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Thursday, 8th July 2021 09:26 - by Mark Palmer and Ben Timms
Productivity is expected to be lower in the UK this morning, following the nerve shredding 120 minute match with Denmark last night. No doubt beer sales will have hit a post pandemic peak in the last 24 hours though! The match was played in front of 65,000 fans, the largest live audience of the tournament and the first football match to have a relatively packed stadium in the UK since Liverpool V. Atletico Madrid on the 11th March 2020, just five days before the first lockdown! England now play Italy in the finals in front of an even larger audience this Sunday at 8pm (as if you didn’t already know!)
Whilst the match was on, there were some traders paying attention to the minutes of the last Federal Reserve meeting that were published last night. There are two camps emerging at the top table of US monetary policy; those that think tapering should get underway sooner and those that are happy to wait and make sure the economy is strong enough, despite the risk that brings of overheating. The data is certainly supportive of the move, but as we’ve seen elsewhere, the initial spike in activity and output does taper off pretty quickly and there is some concern that the US isn’t quite on the right vaccination trajectory to be confident that Covid won’t make a damaging resurgence.
Cases of the delta variant in the US are rapidly rising, with it now making up more than half of all new cases – last month it accounted for just 10%. Deaths have also hit a six week high and the vaccination effort that started so well has slowed down to the point that Joe Biden missed his 4th July target of having 70% of American adults jabbed with at least one dose of vaccine. The number achieved was 67% but with an adult population of 210 million, that’s 6.3 million missed opportunities. The variation between vaccination percentages varies significantly on a state by state basis, with some Southern states having rates as low as 50%, whilst in Massachusetts it’s north of 80%.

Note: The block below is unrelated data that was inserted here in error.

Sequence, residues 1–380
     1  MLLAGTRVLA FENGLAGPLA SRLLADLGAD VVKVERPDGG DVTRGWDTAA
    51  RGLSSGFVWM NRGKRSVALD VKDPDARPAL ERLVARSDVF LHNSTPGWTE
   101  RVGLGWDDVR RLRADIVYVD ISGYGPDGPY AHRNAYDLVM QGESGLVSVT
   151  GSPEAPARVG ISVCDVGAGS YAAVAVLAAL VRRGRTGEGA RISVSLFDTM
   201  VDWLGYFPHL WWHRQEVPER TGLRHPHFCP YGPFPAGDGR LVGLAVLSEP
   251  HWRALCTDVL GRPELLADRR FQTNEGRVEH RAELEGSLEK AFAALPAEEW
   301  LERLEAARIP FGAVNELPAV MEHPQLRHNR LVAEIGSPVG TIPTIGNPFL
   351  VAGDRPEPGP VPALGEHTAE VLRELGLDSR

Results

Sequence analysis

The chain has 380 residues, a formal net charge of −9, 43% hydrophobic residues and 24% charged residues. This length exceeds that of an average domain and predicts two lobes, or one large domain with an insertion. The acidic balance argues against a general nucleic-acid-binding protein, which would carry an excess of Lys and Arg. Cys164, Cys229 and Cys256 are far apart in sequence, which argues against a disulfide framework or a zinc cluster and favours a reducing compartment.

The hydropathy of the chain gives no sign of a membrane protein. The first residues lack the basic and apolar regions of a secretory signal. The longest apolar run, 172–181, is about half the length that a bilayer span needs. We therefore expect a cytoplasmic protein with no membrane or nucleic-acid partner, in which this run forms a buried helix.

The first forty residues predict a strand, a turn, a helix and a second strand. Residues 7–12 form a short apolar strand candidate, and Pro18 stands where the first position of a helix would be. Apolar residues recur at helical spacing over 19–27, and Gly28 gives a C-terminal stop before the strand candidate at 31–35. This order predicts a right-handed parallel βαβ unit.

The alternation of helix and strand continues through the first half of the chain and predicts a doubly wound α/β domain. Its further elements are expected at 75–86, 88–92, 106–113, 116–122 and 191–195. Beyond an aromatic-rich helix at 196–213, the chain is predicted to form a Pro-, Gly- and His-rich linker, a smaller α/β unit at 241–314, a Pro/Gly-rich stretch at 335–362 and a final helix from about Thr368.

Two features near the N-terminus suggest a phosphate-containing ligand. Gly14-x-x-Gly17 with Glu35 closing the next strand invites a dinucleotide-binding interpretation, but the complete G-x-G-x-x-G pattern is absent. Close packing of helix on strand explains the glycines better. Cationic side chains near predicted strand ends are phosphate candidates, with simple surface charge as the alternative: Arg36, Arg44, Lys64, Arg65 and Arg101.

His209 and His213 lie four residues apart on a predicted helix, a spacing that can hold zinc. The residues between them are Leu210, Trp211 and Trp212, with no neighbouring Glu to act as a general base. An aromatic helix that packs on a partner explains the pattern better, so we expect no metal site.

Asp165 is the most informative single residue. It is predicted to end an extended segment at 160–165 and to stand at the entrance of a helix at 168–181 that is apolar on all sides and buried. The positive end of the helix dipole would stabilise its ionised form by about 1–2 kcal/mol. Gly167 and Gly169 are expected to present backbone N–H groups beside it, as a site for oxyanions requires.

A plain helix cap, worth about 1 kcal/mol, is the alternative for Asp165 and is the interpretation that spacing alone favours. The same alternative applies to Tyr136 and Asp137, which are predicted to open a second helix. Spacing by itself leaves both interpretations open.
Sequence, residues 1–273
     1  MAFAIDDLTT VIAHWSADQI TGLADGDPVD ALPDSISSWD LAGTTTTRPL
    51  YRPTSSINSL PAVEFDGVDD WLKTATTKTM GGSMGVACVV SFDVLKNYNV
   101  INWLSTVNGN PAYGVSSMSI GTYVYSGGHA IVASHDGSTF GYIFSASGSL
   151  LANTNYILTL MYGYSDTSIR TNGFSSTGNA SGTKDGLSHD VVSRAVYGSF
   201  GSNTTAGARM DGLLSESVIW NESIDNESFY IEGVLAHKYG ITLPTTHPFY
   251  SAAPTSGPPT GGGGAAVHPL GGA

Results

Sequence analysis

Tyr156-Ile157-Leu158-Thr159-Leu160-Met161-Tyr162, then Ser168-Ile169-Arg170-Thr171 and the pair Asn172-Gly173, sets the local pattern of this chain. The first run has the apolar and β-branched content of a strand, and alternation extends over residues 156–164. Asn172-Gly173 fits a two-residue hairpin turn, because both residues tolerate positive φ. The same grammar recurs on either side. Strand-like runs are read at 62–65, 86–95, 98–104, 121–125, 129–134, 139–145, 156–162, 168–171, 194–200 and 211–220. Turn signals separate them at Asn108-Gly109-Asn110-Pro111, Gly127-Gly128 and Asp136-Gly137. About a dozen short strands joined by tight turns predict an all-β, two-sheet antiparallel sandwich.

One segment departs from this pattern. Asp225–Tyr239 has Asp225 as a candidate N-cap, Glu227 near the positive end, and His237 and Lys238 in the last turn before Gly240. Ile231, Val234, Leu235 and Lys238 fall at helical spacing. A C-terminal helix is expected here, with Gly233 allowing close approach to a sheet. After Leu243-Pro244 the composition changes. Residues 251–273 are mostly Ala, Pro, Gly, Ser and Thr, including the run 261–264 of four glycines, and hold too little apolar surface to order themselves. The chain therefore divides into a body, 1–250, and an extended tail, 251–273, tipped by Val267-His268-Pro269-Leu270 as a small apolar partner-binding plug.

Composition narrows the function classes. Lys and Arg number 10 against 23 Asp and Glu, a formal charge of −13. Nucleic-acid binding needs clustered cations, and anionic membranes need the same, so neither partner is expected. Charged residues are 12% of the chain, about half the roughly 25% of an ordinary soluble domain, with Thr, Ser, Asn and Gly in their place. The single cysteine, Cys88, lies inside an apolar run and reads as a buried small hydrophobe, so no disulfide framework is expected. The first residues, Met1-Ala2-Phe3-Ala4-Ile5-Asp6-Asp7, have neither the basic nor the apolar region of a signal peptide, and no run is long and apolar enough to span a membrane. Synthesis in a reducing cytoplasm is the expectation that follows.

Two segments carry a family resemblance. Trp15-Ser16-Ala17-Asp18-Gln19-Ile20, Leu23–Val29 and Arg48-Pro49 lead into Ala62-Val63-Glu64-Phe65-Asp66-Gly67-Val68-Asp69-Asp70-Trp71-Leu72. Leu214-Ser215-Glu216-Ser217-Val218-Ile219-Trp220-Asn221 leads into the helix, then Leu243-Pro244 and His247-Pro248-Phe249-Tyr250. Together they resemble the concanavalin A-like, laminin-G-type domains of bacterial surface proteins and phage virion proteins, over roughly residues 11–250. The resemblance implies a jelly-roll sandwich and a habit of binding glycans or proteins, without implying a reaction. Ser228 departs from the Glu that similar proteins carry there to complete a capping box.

The rise in cases doesn’t seem to be bothering the US stock markets though, as they continue to break new ground. The S&P500 reached an all-time high of 4,358 at last night’s close, exceeding Goldman Sachs’ original target for the index for the end of 2021. Tech stocks are continuing to be flavour of the month, with gains for Apple and Amazon of around 15% in the past four weeks, with Apple’s market cap north of $2.4trillion dollars – for context the combined market cap of all the companies in the FTSE 100 is around $2.7trillion – Forecasts aren’t necessarily being revised dramatically higher though and there is some concern that we might be hitting a summer peak and a turnaround could come into play as trading volumes start to dry up heading into the holiday season.
In Europe: Germany could end up producing 400,000 less cars than they’d like to, because of the chip shortage, which is a 10% reduction overall. The automotive industry is a big part of Germany’s economy and is having a drag effect on overall industrial output, which is actually contracting month on month instead of growing as you would expect post-pandemic. German cars are being hit disproportionately compared to other European manufacturers, as the premium brands and electric vehicles they make require more semi-conductors than your average family hatchback. BMW have so far been able to swerve the supply chain issues to the point that they’ve recorded a 40% increase in sales in the first half of 2021 Vs 2020, which is still 7% higher than 2019. The FT has a bit more.
Looking to today: The ECB will be releasing their latest meeting minutes, along with a much awaited strategy review. The document is expected to lay out a slightly adjusted approach to inflation, with a 2% target likely to remain but with an all new allowance for an overshoot, so as to stop the hard mandate they have in place at the moment forcing their hand at raising rates if price rises move north of the target. This might be a market mover, but given the slight dulling of sensitivity to central banks that we’ve seen in the last week or two, we’re not convinced.
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This article was taken from Hamilton Court FX.
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